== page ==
New details emerge on Sunday's dramatic bee rescue
Photo: Video by kgun9.com
TUCSON (KGUN9-TV) - New details are coming out about the dramatic rescue of 5 hikers after a brutal bee attack.
10:00am Sunday morning on the the Linda Vista trail near Oro Valley the call was made to Golder Ranch Fire Department.
"This was not a normal call for us, the bees were extremely aggressive," said Will Seely of Golder Ranch Fire. "As the responders got closer to the victims, they themselves started getting attacked by the bees."
A medical helicopter that was originally brought in to lift victims to the hospital was used to blow the bees away while rescuers rushed the victims out of the area.
"They were in a catch 22 yesterday, the helicopter would move and they would start to get attacked," said Seely. "If the helicopter was overtop, the dust and the rocks and everything got blown around. The communication was incredibly difficult with the helicopter directly overhead."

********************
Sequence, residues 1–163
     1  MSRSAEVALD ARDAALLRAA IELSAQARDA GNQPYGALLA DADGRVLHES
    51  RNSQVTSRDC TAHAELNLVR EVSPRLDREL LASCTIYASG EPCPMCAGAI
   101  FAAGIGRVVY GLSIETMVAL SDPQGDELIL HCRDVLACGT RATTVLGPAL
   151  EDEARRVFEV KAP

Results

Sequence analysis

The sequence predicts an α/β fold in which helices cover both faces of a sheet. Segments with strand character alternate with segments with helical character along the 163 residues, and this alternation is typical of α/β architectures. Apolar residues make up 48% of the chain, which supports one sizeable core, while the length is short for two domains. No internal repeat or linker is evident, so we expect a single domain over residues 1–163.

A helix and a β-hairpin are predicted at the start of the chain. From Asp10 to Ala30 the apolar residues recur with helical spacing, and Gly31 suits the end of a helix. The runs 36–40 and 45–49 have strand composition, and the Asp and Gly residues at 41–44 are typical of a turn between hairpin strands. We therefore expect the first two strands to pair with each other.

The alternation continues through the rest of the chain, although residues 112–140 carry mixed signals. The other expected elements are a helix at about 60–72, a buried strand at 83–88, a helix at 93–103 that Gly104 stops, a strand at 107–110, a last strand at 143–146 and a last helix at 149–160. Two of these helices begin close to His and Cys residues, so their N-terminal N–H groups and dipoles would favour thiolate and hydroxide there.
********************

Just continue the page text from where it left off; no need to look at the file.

So does the heat play a part in how aggressive the bees are this time of year? Not according to bee expert Dr. Carl Olson.
"They just run into you -- oh, what hit me, it was a honeybee," explains Olson. "they go back to the hive and expect you to leave, like a rattlesnake sitting there buzzing his tail, don't take another step so you get the message. [Running into you] is on purpose, they are warning you to leave. They want you to get away. [Bees] are not mean, they are not angry, they are telling you, this is our territory, leave."
Dr. Olson says if you do not leave after the warning, the next step is a barrage of stinging.
If you plan on hiking, Dr. Olson says to stick to the trail and keep an eye out for potential hives.